ArcticDB and Python – An Interview with Gary Collier

The Man Group, contacted me about their Python product, ArcticDB. If you go to ArcticDB’s documentation, you’ll learn that it is Man Group’s high-performance Python-native DataFrame database.

Gary Collier, CTO of Man Alpha Technology, agreed to do an interview with me about ArcticDB. Here it is:

Can you give us some background information about ArcticDB?

Certainly. ArcticDB is a high-performance Python-native database. It was built in response to the increasing amount of data and complexity of front-office research at Man Group, which we recognise is a challenge faced by many institutions.


What kind of database is ArcticDB? (Relational, NoSQL, etc)

We call it a DataFrame database. Under the hood, ArcticDB is a columnar database. It shares best features of a number of different technologies which, we think, makes it unique in this space. Those features include:

  • Support for wide-tables. Unlike metrics time series databases, we support hundreds of  thousands of columns
  • NoSQL-like support for variable schemas, you can add and remove columns over time as data is appended.
  • Serverless architecture supporting both high performance vertical scaling and scale-out horizontal cluster compute.
  • Bi-temporality as a first-class concern.
  • Cloud-native storage support. S3 backend built-in.


Does ArcticDB support other programming languages besides?Python?

Today ArcticDB supports Python. In the future, we’ll support Java and C#/.Net ecosystems too, and other languages as demand requires.


What industries is ArcticDB best suited for?

Our view is that it’s relevant to anyone or any organisation working with data in Python; any organisation where data is being processed and insights extracted at scale will find value in ArcticDB. Financial data science was a natural starting point for us, given our background, but opportunities to apply the technology exist across lots of different sectors — from bio sciences to aerospace.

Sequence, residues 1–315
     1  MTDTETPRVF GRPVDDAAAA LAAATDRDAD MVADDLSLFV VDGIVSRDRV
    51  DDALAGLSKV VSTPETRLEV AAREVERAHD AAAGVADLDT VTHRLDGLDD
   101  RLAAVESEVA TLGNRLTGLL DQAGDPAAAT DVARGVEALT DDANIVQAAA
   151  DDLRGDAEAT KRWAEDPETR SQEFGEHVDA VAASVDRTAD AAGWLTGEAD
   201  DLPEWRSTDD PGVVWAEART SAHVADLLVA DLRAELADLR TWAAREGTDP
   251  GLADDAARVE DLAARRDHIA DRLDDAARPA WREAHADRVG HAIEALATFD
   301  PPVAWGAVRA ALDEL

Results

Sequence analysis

How much faster is ArcticDB versus Arctic 1.0?

I should start by saying that we’re proud of Arctic 1.0 and it served us well for the terabyte scale data challenges of its time. What we’ve built in ArcticDB is something more powerful — it offers the same user-friendly Python interface as its predecessor but with a brand-new C++ engine. This offers performance at petabyte scale with full enterprise support and compatibility with modern S3 storage. There is an order of magnitude increase in performance. In terms of speed, it processes billions of rows and thousands of columns in seconds.


Will you be supporting Polars in addition to Pandas?

Polars is on our radar, and if the demand exists we will absolutely support it. We are also grateful to accept any contributions and work with the wider Python open source community.


What are some of the most interesting or unusual use cases you have seen ArcticDB used for?

I mentioned before that we think ArcticDB is relevant to anyone or any organisation carrying out data science in the modern Python data science ecosystem. Financial data science was a logical place for us to start, given the industry we work in. One of the use cases we’ve seen in that sphere relates to alternative data. You’ll know that alternative datasets are often large (multi-terabyte) and require some form of ETL before they can be stored in a database. They also require concurrent processing to reduce time to complete backfill; re-partitioning of the dataset into a usable format; and, point-in-time record of historical changes for research purposes. 

ArcticDB solves that in the following way:

  • The data can be structured as one or more symbols in ArcticDB.
  • ETL tools concurrently process the dataset and write to ArcticDB. 
  • Each ETL batch is versioned, to allow point-in-time access to the history of changes.
  • Block level deduplication between versions ensures efficient usage of storage. 
  • And finally, users can read and slice the resultant data as a single DataFrame.